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What was the first color show on ABC?

ABC made television history when it aired its first full-color series in the early 1960s. This milestone marked a major transition in the television industry as networks gradually shifted from black-and-white to color broadcasting. But what exactly was the first color show to appear on ABC? To answer this question, we need to go back to the origins of color TV and ABC’s place in the evolution of this new technology.

The Rise of Color Television

Color television technology was developed in the United States in the 1950s, with RCA leading the charge to bring color to the masses. The first color broadcast took place on January 1, 1954 during NBC’s coverage of the Tournament of Roses Parade. However, only a small percentage of TVs were capable of receiving color signals at this time. It would take nearly a decade for color TV ownership to become widespread.

The major networks adopted color transmission slowly and selectively at first. CBS was the most aggressive early adopter, introducing color capabilities to many of its shows starting in 1955. NBC also expanded color broadcasting in the late 1950s. ABC, however, lagged behind its rivals in embracing color. The network seemed uncertain on how to incorporate color in a cost-effective manner.

By the early 1960s, though, ABC could no longer afford to be indecisive. Color TV sales were finally taking off nationwide as prices became more affordable. According to the Television Factbook, just 3.1% of American households had color TVs in 1960 compared to over 12% by 1962. Consumer demand made color an imperative for the TV industry.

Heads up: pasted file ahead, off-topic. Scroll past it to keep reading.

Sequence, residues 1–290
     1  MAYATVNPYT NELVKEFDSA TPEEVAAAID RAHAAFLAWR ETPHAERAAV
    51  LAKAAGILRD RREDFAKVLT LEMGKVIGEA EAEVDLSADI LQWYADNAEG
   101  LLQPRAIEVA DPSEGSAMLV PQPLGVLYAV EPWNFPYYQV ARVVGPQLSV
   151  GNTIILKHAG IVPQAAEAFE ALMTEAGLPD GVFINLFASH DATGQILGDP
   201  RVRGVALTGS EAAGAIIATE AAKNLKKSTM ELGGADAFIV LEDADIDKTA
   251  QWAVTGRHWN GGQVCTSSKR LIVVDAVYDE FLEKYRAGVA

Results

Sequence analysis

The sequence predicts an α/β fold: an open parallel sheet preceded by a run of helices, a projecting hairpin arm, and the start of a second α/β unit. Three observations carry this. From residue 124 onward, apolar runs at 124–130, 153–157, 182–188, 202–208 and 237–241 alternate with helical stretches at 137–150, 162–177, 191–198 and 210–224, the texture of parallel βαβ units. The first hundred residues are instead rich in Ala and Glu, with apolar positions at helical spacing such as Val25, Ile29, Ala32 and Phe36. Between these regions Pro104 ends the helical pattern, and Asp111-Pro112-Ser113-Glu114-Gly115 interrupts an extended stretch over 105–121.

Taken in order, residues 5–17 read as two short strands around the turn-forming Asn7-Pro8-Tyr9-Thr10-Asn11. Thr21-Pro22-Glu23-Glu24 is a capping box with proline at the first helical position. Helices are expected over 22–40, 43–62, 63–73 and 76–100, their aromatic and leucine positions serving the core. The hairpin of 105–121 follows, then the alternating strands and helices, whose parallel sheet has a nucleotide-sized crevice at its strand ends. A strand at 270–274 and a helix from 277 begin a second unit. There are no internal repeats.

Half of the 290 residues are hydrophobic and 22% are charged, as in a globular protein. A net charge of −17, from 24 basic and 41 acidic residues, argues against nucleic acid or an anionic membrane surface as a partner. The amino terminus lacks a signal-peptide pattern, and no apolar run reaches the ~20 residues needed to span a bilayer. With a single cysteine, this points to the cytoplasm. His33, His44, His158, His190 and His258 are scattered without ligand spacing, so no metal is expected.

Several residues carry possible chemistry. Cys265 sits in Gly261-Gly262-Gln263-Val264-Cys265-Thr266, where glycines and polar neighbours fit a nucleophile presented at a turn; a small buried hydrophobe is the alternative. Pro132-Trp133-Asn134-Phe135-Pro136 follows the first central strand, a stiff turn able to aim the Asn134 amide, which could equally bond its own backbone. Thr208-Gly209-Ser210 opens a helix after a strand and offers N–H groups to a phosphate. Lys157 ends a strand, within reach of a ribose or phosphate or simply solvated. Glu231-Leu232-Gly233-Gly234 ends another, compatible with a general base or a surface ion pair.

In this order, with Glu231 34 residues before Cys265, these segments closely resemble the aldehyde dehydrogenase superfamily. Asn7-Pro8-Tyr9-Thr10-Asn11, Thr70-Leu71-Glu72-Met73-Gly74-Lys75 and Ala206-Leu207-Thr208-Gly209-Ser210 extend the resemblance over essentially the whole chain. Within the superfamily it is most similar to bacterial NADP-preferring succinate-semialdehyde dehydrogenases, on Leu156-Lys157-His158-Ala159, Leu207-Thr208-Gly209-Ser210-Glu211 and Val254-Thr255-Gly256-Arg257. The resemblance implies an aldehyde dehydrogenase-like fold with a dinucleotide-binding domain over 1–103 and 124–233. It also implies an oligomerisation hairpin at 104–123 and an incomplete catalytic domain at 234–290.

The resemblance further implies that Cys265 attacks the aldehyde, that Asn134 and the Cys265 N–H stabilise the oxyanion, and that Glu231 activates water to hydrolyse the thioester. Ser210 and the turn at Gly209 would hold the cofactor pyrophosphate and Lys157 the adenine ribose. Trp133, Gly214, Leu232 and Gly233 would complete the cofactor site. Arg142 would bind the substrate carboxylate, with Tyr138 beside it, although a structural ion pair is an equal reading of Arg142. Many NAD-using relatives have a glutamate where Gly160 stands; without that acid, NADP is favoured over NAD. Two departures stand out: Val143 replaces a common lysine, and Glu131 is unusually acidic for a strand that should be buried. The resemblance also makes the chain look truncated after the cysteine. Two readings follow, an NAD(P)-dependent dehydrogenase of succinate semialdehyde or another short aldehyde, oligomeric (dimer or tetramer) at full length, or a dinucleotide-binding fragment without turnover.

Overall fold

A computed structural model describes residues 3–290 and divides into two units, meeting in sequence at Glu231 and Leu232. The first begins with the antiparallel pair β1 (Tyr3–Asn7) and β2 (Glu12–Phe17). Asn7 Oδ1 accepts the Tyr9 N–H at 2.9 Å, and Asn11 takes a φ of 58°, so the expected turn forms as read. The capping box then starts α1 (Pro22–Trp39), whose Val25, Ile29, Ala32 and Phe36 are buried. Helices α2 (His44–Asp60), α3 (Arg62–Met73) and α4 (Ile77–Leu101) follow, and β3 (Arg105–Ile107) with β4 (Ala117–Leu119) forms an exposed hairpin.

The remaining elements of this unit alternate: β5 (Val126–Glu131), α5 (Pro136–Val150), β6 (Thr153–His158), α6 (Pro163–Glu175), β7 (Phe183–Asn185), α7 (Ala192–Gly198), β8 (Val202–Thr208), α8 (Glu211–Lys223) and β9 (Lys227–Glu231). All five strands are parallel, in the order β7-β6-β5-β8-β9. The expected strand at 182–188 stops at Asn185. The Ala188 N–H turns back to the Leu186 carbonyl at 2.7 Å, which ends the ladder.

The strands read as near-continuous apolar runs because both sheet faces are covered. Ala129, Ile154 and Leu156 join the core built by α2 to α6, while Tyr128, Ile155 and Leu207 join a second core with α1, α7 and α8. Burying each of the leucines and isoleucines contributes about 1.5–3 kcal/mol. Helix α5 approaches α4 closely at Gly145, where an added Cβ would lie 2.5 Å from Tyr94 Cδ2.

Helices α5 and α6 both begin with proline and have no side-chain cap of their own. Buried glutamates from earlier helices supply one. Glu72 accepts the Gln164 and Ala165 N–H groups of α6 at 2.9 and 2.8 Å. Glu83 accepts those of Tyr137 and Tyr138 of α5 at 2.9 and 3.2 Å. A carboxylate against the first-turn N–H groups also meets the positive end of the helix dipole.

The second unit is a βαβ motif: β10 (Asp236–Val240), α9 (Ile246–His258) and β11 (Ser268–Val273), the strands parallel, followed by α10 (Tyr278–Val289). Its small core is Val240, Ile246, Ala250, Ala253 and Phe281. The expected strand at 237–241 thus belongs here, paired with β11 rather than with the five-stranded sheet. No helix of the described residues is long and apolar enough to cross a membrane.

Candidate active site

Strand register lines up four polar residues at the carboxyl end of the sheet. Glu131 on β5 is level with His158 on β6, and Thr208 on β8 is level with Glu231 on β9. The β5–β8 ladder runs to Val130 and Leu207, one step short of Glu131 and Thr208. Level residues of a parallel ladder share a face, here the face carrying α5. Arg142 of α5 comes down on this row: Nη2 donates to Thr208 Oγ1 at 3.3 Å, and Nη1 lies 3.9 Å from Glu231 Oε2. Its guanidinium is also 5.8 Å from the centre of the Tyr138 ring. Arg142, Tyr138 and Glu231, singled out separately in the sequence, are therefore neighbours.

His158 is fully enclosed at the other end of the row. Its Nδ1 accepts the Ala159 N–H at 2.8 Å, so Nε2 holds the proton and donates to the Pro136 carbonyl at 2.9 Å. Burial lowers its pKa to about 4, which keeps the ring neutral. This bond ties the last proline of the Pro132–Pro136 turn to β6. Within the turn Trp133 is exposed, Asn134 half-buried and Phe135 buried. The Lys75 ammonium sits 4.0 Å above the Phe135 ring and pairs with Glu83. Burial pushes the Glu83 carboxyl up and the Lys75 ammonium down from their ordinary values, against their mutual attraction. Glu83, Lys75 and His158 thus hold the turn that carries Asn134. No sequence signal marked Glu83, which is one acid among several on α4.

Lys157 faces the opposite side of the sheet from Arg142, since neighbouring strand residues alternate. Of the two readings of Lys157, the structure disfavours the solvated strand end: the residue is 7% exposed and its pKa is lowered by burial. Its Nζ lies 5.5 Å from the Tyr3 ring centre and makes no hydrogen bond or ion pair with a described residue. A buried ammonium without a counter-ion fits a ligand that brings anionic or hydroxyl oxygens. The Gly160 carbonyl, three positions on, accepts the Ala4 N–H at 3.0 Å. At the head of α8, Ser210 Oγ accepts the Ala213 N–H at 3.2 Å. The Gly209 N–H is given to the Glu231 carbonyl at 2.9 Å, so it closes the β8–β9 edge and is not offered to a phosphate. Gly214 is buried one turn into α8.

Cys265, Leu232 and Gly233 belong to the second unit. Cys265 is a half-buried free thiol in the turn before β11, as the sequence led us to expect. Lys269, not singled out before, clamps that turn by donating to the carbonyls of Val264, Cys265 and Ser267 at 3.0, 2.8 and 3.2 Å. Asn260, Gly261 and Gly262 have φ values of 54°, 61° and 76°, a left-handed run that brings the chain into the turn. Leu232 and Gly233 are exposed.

ABC Takes the Color Plunge

In May 1961, ABC made its first major commitment to color broadcasting. The network announced plans to produce five series entirely in color starting that fall. This slate of shows would appear on the schedule on a rotating weekly basis. Prior to this, ABC’s color offerings had been limited to occasional specials and piecemeal episodes of a few programs.

ABC’s first wave of color series included:

  • The Flintstones – The famous animated sitcom aired on ABC from 1960-1966 after starting out in black-and-white.
  • The Real McCoys – A rural family sitcom that ran from 1957-1963 on ABC and CBS.
  • The Jetsons – The Space Age cartoon counterpart to The Flintstones premiered in 1962.
  • The New Breed – Quinn Martin’s police drama aired for one season, 1961-1962.
  • Follow the Sun – A drama series about a fictitious magazine features writer based in Hawaii.

While this lineup featured both new and existing series, ABC publicity identified The Flintstones as the actual first show on its schedule to be broadcast in color. The primetime cartoon starring Fred, Wilma, Barney and Betty would make its color debut on September 22, 1961. So The Flintstones stands as the first ABC series to fully convert to color, beating out the other four shows.

Color Helps ABC Gain Ground

The switch to color programming paid immediate dividends for ABC. According to television historians Castleman and Podrazik, the network’s ratings jumped 20 percent that first color season. This bump enabled ABC to rise from third to second place ahead of NBC in the overall primetime ratings race. The colorful antics of The Flintstones and The Jetsons appealed to both kids and adults and served as ideal demo material for color TV sales.

While The Flintstones heralded ABC’s color future, it was soon joined by a wave of other vivid series. ABC quickly ramped up color production each year. By the mid-1960s, nearly all of ABC’s primetime schedule was broadcast in color. Walt Disney introduced the Wonderful World of Color in 1961 to showcase his company’s films and TV shows. ABC turned surfing into a cultural craze with The Endless Summer documentary in 1966. Batman debuted in 1966 and brought comic book excitement to life through bold graphics. ABC had fully embraced its identity as “the color network.”